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Committed to bringing the latest in neurosciences and staying responsive to the needs of the community, we will soon launch our dream project with a new 100-bedded facility that will bring to the region much needed specialties such as Radiosurgery.

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FAQs

Frequently Asked Questions about Scoliosis

Scoliosis is a common condition that affects children and adults. It is an abnormal sideways curvature of the spine, sometimes also with rotation of the spine, which may make the waist, hips, or shoulders appear uneven. 

Most cases of scoliosis are idiopathic, which means that the cause is not known. Genetic factors may play a role, but research is ongoing into the causes of scoliosis.

No. Although they can cause other back problems, slouching or carrying a heavy bag do not cause scoliosis.

In the early stages, scoliosis can be difficult to detect.

If you view your child from behind, you may notice that your child has uneven shoulders, ribs, waist or hips when they are standing straight.

You can ask your child to bend forwards at the waist with arms stretched toward the floor and knees straight (this is called the Adam’s forward bending test). From this position it is easier to see scoliosis signs, such as:

  • One shoulder or shoulder blade is higher than the other
  • Unequal distances between the arms and the side of the body
  • Rib cage appears higher on one side (also called a rib hump)
  • One hip appears higher or more prominent than the other
  • The waist appears uneven
  • The body tilts to one side (trunk rotation)
  • One leg may appear shorter than the other

Book a consultation with a paediatrician or specialist spinal surgeon if you notice any of these signs.

If scoliosis is detected in the early stages, ideally before the pre-pubertal growth spurt between the ages of 10 to 13 years, it is more likely that simple treatments such as exercise programmes and back braces will be able to prevent the condition getting worse. 

Children may be screened for scoliosis at regular paediatric or school medical check-ups. This is most important in the pre-teen and early teen years when scoliosis is often detected following a growth spurt. 

Scoliosis cannot be prevented. In most cases there is no known cause.  It is not caused by bad posture, carrying a heavy backpack, or anything the child or parents did or did not do. 

Small curves in the spine are very difficult to detect. Spinal curvatures often progress very quickly during growth spurts, only after which they may become noticeable. 

The main thing is to focus on seeking specialist care and supporting your child once a spinal curvature has been detected.

No. Children with small spinal curvatures that do not need treatment may not experience any problems in later life, but their small curves never go away.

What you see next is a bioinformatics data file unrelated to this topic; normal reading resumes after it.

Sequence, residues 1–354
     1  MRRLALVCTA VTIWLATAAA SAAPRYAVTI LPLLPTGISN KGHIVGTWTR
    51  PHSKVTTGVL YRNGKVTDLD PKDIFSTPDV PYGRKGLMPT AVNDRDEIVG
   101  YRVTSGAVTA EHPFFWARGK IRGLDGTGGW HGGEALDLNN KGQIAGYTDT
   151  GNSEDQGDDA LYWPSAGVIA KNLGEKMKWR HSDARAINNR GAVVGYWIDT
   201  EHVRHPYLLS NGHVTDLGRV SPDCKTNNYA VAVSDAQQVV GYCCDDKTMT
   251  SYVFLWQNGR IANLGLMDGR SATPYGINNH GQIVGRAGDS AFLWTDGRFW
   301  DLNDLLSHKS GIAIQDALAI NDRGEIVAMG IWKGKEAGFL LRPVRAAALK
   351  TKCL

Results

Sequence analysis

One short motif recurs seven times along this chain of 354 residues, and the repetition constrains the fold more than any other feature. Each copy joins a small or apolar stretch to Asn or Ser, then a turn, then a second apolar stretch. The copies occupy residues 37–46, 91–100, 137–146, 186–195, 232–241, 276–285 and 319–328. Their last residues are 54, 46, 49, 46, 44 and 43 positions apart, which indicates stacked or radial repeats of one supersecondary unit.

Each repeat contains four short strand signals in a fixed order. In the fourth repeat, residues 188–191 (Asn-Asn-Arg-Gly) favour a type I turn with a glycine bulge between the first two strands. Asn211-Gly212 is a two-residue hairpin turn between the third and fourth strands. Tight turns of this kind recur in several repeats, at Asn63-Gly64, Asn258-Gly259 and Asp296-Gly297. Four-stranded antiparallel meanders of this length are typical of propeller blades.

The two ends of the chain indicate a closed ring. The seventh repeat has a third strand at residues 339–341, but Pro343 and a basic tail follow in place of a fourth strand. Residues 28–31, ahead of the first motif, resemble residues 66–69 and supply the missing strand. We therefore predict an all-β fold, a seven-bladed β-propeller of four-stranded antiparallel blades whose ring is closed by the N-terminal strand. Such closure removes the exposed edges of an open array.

For children who are still growing and those with larger curves, it is important that they are regularly monitored by a specialist to assess whether treatment is recommended.

There are many factors involved, but a child’s curve is more likely to get worse if it is very large at diagnosis or if they are very young, especially if they have not yet reached puberty. 

Scoliosis most often progresses while a child is growing, but large curves can occasionally progress into adulthood.

There are many factors involved, but a child’s curve is more likely to get worse if it is very large at diagnosis or if they are very young, especially if they have not yet reached puberty. 

Scoliosis most often progresses while a child is growing, but large curves can occasionally progress into adulthood.

Small curves (<20 degrees) may be monitored over time, usually with x-rays, to see if they are progressing. 

Back braces may be used for children with mild to moderate curves whose spine is still growing.

Surgery may be recommended for large curves when an individual has stopped growing, especially if they are progressing or causing symptoms.

While physical therapy, exercise and some alternative therapies cannot correct or slow down progression of spinal curves, they may be able to help reduce pain and improve posture, flexibility and breathing. Physiotherapy scoliosis-specific exercises can be used in conjunction with bracing in the treatment of progressive idiopathic scoliosis. Consult your specialist before starting any new therapy or exercise.

Most children with scoliosis can play sports and participate in normal physical activities, even if they wear a brace. Regular exercise is beneficial for general fitness and well-being. 

Sports should be avoided for some time after surgery, on the advice of your doctor. 

Scoliosis does not affect fertility or conception. Most women with scoliosis do not have any problems with pregnancy or delivery. However, if you have had scoliosis this should be discussed with your obstetrician and medical team as they will be able to advise you on the best positions for a safe and comfortable delivery. If you are considering an epidural your anaesthetist will want to know in advance, especially if you have had spinal fusion surgery. 

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